Cat pregnancy: How to care for pregnant cats (WITH VIDEO)
Having a litter of kittens in your home can be a joyful and rewarding experience, but it will also be challenging and expensive.
Before the new-born kittens arrive, you will need to know how to spot cat pregnancy, how to care for the mother-to-be and how to prepare for the birth.
When can cats become pregnant?
Female cats can become pregnant when they are “in heat” or “in season”.
A cat’s first season arrives when they reach sexual maturity, typically between six months and one year old.
The age a cat reaches sexual maturity can vary between breed and some pedigree cats, such as Siamese and Burmese, can experience their first season as young as four months.
While dogs come into heat once or twice a year, female cats are very fertile and can be in season as often as every month.
The heat cycle lasts between five and ten days and conception can occur at any point during this period.
If you want to avoid your cat becoming pregnant unexpectedly, you should have them spayed by a vet before their first season.
If your cat is not spayed, they are very likely to become pregnant, particularly if they are outdoor cats.
If you do not want to have your cat spayed – perhaps because you intend to breed her at a later date, you should take measures to prevent an unplanned pregnancy.
This involves keeping your cat indoors as much as possible and particularly when she is in season.
You should also keep her away from un-neutered males as being close to such a male can trigger a season in a female.
How to tell when your cat is in season
It’s hard to be exactly sure when your cat is in heat but there are a few signs to look out for.
Your cat might:
- Become more affectionate and crave your company more often
- Try to get outside more to go and search for a mate
- Walk with their tail in an upright position or to one side
- Become more vocal, meowing loudly to call for a mate
- Lie on her front with her tail end in the air
How to tell if a cat is pregnant
Cat pregnancy lasts between 63 and 67 days, but can vary and be as long as 72 days.
Within the first three weeks, her nipples will become enlarged and redden – known as ‘pinking up’.
The mother to be – or queen – might go through a stage of vomiting. This is similar to morning sickness experienced by women and is usually nothing to worry about.
However, if your cat is being sick frequently or is unwell in any way, then see your vet. Argos Pet Insurance customers can ring Vetfone to ask for help or advice.
The queen’s appetite will almost certainly increase and she might start beginning to act more maternally, purring more and demanding more attention from you as an owner.
After the fourth week of pregnancy, your cat will probably have gained enough weight to make the pregnancy noticeable.
The stages of cat pregnancy
During pregnancy, a cat will gain between 1kg and 2kg, depending on how many kittens she is expecting.
After four weeks, your vet should be able to feel the kittens through the abdomen. Do not attempt this yourself – this could damage the unborn cats and cause a miscarriage.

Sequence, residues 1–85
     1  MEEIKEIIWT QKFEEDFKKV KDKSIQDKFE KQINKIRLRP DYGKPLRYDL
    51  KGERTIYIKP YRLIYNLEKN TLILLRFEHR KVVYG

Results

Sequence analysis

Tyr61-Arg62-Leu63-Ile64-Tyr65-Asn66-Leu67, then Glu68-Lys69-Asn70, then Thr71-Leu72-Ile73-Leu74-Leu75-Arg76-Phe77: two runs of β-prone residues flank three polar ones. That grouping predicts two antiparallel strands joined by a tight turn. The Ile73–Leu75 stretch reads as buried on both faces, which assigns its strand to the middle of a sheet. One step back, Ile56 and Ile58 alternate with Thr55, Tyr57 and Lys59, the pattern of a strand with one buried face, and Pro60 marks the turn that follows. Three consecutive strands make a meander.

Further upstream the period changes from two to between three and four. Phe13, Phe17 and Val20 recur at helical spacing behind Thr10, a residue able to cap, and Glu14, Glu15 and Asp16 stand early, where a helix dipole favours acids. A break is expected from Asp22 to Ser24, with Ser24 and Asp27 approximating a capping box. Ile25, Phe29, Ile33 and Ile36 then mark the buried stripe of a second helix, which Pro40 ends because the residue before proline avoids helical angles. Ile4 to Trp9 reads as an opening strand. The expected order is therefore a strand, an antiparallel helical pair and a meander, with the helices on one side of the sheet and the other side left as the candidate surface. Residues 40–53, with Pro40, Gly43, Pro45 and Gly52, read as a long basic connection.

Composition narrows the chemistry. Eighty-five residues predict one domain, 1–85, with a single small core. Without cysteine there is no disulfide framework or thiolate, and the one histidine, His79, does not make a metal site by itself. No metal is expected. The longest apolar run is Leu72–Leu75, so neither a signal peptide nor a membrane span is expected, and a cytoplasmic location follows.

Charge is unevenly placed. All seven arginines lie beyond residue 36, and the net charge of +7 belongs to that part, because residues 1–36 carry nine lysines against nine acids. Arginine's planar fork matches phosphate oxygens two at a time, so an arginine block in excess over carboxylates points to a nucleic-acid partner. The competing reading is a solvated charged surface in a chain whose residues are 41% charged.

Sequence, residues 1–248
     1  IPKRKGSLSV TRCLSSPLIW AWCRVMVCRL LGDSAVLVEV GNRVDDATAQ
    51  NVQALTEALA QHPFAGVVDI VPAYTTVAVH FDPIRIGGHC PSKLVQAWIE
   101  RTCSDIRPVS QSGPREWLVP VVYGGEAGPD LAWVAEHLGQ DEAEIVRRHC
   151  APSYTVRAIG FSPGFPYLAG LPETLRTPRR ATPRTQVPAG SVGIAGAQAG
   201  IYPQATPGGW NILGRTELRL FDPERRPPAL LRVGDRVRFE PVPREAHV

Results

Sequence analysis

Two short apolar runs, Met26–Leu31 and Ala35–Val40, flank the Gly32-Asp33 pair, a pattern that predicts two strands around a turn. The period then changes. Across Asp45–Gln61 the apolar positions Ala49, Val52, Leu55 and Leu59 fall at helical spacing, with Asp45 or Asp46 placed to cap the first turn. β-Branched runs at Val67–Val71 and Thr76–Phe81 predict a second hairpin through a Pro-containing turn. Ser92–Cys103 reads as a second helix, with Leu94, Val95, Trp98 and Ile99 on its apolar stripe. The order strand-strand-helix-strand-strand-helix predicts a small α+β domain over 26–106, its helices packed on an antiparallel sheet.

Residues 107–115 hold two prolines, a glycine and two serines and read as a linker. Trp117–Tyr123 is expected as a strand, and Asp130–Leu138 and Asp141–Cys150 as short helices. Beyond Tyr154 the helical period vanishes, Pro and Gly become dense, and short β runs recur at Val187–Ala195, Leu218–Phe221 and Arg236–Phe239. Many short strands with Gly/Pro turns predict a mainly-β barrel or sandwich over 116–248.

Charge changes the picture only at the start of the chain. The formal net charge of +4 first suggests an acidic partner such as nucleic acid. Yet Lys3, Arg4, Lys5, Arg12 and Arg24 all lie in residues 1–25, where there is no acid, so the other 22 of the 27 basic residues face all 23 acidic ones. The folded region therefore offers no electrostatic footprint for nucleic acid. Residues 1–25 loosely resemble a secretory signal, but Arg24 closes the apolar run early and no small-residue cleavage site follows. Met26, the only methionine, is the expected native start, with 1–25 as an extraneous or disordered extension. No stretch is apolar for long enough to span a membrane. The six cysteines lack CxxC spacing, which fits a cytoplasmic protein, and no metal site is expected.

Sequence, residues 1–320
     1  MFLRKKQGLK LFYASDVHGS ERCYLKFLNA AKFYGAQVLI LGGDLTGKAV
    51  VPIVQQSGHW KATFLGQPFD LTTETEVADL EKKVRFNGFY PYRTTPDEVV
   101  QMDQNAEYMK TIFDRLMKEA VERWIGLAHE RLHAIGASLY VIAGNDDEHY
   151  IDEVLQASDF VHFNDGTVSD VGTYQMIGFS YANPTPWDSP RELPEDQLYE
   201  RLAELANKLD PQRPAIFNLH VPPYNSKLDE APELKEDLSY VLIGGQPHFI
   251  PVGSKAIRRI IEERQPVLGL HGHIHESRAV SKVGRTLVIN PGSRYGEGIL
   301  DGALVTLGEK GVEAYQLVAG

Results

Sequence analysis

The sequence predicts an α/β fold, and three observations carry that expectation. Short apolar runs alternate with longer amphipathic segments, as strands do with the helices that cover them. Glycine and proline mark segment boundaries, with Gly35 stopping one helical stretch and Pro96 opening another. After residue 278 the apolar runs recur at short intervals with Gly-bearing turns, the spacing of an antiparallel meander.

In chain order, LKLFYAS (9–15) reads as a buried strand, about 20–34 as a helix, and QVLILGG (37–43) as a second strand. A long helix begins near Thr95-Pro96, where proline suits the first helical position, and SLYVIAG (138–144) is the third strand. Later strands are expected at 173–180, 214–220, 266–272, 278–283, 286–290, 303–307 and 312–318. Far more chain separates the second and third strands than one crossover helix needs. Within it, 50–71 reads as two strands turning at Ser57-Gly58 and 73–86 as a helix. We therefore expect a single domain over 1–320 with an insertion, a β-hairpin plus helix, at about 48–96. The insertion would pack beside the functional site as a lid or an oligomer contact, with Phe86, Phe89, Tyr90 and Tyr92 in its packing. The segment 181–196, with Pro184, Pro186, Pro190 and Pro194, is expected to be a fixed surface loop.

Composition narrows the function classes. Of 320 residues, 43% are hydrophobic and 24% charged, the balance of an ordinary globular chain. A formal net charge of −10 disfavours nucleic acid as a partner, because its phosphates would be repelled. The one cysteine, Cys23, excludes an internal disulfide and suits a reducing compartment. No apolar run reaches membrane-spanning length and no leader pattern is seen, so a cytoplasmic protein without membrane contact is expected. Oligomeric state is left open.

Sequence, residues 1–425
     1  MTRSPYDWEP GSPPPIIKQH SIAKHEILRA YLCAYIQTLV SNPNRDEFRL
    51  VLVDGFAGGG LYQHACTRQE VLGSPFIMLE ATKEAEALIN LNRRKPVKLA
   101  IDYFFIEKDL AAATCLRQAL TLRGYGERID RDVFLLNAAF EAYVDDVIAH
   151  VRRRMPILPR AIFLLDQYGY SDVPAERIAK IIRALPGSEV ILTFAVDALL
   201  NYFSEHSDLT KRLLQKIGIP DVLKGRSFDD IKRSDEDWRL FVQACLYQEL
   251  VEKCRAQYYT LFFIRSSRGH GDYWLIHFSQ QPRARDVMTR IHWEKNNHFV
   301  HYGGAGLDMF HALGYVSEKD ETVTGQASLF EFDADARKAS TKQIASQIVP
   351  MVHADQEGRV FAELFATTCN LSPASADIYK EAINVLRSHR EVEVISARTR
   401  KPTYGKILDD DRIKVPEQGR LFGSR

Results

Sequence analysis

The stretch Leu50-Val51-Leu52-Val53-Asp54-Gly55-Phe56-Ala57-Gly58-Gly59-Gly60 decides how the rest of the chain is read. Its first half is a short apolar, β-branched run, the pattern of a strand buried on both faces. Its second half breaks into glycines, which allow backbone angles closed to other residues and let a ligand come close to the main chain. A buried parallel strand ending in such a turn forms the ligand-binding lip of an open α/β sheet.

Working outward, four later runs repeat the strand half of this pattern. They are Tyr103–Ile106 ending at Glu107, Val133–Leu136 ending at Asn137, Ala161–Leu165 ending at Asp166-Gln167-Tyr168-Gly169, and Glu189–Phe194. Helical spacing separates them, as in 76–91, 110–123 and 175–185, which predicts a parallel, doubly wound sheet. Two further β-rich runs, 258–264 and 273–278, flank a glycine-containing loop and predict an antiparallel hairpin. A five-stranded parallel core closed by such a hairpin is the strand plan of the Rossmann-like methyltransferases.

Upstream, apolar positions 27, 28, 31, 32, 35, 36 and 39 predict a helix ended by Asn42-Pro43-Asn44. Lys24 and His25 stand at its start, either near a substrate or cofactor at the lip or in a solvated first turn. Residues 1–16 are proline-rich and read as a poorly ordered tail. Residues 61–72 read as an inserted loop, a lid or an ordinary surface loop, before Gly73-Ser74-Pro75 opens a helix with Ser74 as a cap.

Cat pregnancy can be detected by ultrasound and, by about the 26th day, the foetuses and heartbeats can be seen.
By day 40, the vet should be able to tell you how many kittens to expect – though this is not always an exact estimate as the little ones have a tendency to hide behind each other in their mum’s tummy.
Looking after a pregnant cat
You’ll need to take extra-special care of your queen.
A high-quality and nutritious diet is essential but avoid changing her food drastically, unless recommended by a vet.
Do not overfeed your cat as too much weight gain can complicate labour.
Keep your cat indoors as much as possible, particularly during the latter stages of pregnancy.
The vet will probably want to check on your cat during the later stages of pregnancy just to see if everything is in order.
How many kittens in a cat’s litter?
Cat litter sizes vary depending on breed and age of the mother but from three to five kittens is fairly typical.
The diet and health of the mother will also be a factor.
Preparing for the birth
If your cat is close to having kittens, it’s vital to ensure you’ve got everything ready. You will need:
- Clean towels
- A syringe or eyedropper
- Surgical gloves
- A kittening box
- Cotton thread or dental floss
- Kitten milk substitute
- The emergency number of your vet
How to tell if your cat is close to giving birth
The mammary glands will begin to swell during the last week of pregnancy and your cat will start producing milk about two days before she gives birth.
Her appetite will probably decrease and she will become more reclusive and look to hide out in a cosy, secure part of the home.
Warning signs when your cat is pregnant
You must look out for the following three things:
- A high temperature – the normal body temperature is between 99.5F (37.5C) to 102.5 (39.1C). Anything higher than 103.5F (39.7C) is cause for concern.
- If she has not eaten for more than 24 hours.
- If she becomes depressed or lethargic.
Remember, if you are concerned at any point about your cat’s health during pregnancy, contact a vet immediately.